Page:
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The Open 2013: Sir Nick Faldo returns as king but one stripped of all his old powers


It was an epic fantasy – Sir Nick Faldo coming back to the scene of two of his crowning Open Championship moments to once again do battle against the evil forces of Muirfield. The Lord of the Links. Return of the King. And all on his 56th birthday, too.

Faldo just had to be here, pulled out of retirement by the thought of one last hurrah on this fabled East Lothian links that he loves and where he won two of his three Claret Jugs in 1987 and 1992.

He bowed out of competitive golf at the 2010 Open at St Andrews to concentrate on his TV commentating career in the States along with his course-design business and Faldo Series, which includes Rory McIlroy as one of its champion graduates. But he had not made the weekend in any Opens since St Andrews in 2005. This was his lap of honour, a coronation for a Knight of the Realm and the King of Muirfield.

When he walked up the 18th green in that summer of ’87, he completed that remarkable final round of 18 straight pars to win. He is still the last Englishman to win the Open. Twenty-one years after that, he started bogey, bogey. One wag in the crowd suggested we might be about to witness Muirfield’s revenge and that Faldo would follow up with 18 straight bogeys. A birdie at the 3rd laid that to rest but Faldo still had to escape from a cavernous bunker in front of the 18th green and hole  a knee-trembling three-foot putt  to break 80 and post a score of  eight over par.

“I’m not worried about that,” he said. “I’m here to enjoy. I did all right but the back nine just wore me out. You won’t be seeing me next year. No way,” he added with a grin. “St Andrews [in 2015] is my next port of call if I want it. Gotta pace myself.”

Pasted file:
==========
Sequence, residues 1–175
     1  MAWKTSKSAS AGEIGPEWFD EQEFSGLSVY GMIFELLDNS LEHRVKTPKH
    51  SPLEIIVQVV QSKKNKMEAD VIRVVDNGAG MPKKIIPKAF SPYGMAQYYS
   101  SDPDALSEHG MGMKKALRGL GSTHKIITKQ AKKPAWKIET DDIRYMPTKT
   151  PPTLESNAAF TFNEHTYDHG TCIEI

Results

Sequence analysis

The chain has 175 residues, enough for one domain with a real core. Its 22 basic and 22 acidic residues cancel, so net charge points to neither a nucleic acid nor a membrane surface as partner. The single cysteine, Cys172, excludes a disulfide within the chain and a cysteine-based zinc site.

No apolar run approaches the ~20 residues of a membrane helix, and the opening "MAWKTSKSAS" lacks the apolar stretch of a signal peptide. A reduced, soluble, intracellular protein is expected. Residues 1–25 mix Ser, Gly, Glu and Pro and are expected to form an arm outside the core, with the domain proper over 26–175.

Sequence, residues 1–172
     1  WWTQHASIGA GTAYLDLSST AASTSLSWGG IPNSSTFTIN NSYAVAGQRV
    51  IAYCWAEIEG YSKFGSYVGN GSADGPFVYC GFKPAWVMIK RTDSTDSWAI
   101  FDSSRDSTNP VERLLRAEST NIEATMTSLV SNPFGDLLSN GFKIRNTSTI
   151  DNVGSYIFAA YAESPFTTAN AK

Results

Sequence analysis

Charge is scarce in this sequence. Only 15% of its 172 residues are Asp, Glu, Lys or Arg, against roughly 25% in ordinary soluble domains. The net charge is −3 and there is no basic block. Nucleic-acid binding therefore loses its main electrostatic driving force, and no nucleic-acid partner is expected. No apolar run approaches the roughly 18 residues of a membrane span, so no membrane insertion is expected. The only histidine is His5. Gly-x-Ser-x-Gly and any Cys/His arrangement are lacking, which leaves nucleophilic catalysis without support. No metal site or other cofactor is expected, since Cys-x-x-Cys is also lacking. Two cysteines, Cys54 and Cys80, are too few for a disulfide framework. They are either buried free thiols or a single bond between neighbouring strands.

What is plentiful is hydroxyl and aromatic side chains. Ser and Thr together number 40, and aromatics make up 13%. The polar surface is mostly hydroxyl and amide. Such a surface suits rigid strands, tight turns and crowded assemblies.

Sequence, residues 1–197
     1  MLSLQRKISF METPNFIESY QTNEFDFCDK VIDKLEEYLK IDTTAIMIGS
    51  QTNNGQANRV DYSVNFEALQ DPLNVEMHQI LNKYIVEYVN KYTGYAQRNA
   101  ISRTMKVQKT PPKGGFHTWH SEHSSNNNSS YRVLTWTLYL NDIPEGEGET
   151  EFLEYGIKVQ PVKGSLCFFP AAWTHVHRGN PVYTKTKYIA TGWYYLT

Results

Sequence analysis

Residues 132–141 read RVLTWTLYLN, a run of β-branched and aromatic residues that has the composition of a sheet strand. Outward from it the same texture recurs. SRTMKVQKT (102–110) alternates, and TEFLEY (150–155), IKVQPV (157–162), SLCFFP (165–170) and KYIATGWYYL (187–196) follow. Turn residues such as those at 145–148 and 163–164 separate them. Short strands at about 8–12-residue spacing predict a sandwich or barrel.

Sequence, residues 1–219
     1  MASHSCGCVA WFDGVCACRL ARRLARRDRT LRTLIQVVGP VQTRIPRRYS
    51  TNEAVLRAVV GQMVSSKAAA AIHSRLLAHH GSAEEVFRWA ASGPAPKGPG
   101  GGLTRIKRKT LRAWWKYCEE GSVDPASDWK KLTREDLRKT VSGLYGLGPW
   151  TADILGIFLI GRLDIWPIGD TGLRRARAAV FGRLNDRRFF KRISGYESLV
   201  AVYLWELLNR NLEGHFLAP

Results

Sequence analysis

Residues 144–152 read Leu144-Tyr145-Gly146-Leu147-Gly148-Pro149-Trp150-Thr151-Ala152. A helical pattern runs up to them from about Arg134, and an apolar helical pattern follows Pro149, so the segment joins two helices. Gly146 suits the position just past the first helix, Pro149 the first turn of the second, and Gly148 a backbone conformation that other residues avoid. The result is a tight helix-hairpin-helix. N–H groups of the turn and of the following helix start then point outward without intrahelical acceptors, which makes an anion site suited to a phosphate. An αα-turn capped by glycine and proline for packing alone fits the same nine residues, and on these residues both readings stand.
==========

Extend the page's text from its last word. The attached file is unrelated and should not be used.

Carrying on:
Faldo was greeted on to the first tee shortly after breakfast time yesterday by a rousing round of applause that sounded like the thousands packed in the grandstand and along the fairway ropes had brought their Rice Krispies with them. But there really wasn’t much snap, crackle or pop about Faldo’s game. His opening drive was fine enough but dribbled into the first cut of rough, then his approach veered horribly off line and his ball plummeted into a greenside bunker. Bogey was inevitable.

“It was scary going to the first tee. I really was nervous,” Faldo said. “Thought I’d done a good job putting it off, but you can’t. You know where you are. Delighted I nailed it. That view from the first tee looking down the fairway with the people in the grandstands and the crowd four-deep, that was pretty darned  good. I’ll take that view as my shot of the day.”

Faldo had two legends for company: 1992 Masters champion, the easy-swinging Fred Couples, still cool at 53, and 63-year-old five-times Open champion Tom Watson, now puffing out his cheeks and limping from hip-replacement surgery. They were the “Geezer” and the “Wheezer” to Faldo the crowd “Pleezer”.

The Americans shot four-over-par 75s. All three struggled on the greens. Faldo was once British golf’s finest clutch putter. Yesterday he tucked a long putter under his armpit and against his belly and leaned on it like a crutch. Faldo strode up the first fairway of this nostalgic trip with his 1980s quiff flapping in the breeze followed by his disciples who clapped his every par (eight), bogey (six), double bogey (two) and occasional birdie (two). Two Scottish lads yelled their support for five hours from 9am. They set off with 24 cans of lager in a holdall. By the turn, they only had three left. “Come on Nick, you’ve still got it,” one of them shouted. Faldo smiled but looked like he could do with a stiff drink himself.